Proverbs of Hell

The following is in response to William Blake’s “Proverbs of Hell.”

A William Blake Painting:
The Body of Abel Found by Adam and Eve
c. 1825; Watercolor on wood, 32 x 43 cm

The two proverbs that I like the most from “Proverbs of Hell” are proverbs twenty-one and thirty-three. What I like about proverb number twenty-one—“Prisons are built with stones of law, brothels with bricks of religion”—is the complexity it has, for it speaks two truths, one more than most of the other proverbs in the list. The first part of this proverb is not that hard to comprehend, criminals are placed into prison when they break the law, but what about the second half? In a society where natural sexuality is repressed by religion, men and women will seek a place where they are free to express themselves sexually—like a brothel—without the castigating eyes of religion. This leads to questions about the first part of the proverb: has the institution of law itself created the necessity of prisons? These are hard truths, hard like stone and brick.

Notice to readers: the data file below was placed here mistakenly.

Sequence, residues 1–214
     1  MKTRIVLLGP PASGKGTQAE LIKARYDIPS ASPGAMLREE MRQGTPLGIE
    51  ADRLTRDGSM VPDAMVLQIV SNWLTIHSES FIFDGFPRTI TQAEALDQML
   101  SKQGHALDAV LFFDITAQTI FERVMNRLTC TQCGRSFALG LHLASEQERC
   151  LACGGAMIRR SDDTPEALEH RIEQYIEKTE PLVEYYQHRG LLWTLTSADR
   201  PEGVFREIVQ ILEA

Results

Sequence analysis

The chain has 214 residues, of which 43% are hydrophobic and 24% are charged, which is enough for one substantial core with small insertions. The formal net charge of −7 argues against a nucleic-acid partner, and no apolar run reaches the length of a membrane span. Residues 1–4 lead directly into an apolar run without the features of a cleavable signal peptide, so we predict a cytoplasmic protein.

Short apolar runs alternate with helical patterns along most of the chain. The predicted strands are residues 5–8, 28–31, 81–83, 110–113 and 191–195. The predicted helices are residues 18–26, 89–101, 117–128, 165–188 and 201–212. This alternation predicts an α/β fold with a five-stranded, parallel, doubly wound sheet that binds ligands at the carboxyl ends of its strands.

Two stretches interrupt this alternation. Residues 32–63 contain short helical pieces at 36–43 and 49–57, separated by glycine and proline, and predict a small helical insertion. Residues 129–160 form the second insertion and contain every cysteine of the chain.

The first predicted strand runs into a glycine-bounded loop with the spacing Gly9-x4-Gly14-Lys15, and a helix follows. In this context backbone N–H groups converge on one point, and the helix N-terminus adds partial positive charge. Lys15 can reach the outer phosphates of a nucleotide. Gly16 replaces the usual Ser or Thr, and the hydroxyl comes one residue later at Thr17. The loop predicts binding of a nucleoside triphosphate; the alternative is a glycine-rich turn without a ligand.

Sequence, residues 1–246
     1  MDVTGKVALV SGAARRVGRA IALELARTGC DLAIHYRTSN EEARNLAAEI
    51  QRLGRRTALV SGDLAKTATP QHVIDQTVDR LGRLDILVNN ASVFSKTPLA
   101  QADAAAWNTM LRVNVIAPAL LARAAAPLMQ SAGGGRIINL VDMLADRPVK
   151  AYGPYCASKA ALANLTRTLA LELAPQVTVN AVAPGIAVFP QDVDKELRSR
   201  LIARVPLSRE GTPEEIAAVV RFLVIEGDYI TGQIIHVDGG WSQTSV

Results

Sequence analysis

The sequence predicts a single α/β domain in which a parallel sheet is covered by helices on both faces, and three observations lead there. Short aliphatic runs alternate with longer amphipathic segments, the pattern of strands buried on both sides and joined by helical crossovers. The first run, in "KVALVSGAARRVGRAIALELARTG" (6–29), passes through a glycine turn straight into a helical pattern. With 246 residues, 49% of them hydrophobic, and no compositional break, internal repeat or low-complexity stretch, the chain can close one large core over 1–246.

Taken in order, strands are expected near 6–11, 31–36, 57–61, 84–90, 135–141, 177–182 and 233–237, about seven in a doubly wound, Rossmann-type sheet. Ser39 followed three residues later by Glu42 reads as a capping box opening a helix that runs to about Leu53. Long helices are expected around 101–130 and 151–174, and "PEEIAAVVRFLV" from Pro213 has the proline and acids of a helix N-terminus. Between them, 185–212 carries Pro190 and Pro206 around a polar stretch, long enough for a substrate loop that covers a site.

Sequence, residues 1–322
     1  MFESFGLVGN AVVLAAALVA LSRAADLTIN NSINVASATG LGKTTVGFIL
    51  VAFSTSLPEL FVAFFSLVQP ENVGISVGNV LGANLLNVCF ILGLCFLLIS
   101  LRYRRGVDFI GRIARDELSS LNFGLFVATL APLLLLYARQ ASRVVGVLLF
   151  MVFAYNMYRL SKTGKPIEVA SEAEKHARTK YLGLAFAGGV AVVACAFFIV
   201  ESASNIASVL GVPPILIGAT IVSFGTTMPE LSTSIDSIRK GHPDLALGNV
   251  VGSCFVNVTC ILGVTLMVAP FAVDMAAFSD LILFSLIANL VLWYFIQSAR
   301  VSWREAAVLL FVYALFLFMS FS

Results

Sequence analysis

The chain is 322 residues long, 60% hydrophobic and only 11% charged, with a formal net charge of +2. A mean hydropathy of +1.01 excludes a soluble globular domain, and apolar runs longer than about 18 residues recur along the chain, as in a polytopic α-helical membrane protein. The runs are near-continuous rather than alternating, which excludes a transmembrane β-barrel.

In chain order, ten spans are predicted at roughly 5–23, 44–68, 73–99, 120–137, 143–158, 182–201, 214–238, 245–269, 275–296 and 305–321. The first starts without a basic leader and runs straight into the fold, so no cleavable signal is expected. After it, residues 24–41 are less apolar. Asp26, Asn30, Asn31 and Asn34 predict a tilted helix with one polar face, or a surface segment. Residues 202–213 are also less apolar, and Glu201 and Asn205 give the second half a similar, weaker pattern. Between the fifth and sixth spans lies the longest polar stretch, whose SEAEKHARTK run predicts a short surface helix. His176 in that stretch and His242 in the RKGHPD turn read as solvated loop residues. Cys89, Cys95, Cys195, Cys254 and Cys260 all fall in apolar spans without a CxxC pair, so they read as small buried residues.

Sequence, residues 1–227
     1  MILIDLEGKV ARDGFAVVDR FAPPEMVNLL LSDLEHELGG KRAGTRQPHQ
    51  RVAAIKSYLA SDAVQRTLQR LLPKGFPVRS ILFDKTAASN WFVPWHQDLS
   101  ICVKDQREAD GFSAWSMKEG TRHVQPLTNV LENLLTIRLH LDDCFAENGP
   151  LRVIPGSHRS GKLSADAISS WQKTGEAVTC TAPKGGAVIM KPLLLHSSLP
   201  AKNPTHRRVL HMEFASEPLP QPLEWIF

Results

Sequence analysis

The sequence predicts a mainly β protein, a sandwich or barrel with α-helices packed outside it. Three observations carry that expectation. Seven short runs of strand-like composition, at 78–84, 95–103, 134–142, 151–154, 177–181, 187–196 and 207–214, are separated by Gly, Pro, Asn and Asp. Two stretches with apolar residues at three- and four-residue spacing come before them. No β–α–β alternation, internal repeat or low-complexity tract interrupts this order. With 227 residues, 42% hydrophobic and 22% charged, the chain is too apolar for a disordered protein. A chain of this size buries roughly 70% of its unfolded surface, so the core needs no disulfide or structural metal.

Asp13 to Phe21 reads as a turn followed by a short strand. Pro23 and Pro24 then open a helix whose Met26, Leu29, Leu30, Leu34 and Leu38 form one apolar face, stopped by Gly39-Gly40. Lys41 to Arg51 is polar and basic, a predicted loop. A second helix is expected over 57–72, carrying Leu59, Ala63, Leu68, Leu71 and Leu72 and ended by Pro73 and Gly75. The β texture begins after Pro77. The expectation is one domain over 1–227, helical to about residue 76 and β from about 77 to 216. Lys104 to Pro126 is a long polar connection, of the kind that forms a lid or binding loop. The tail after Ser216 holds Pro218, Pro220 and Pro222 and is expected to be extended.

Proverb number thirty-three—“What is now proved was once only imagin’d”—is interesting because it presents a truth that is at the heart of the culmination of knowledge since human brains have evolved an extended consciousness and the ability to fathom abstract ideas like time, imagination, and knowledge. The Greek philosopher Democritus imagined that when you keep cutting matter in half there is a smallest form of matter called an atom, later proved my scientific study. This proverb seems to advocate the respect of how we came to know what we know today, a respect for the knowledge that we take for granted.


About evinhughes

I am a graduate of Georgia Southern University. I have a bachelors degree in Information Technology and a bachelors in Writing and Linguistics.
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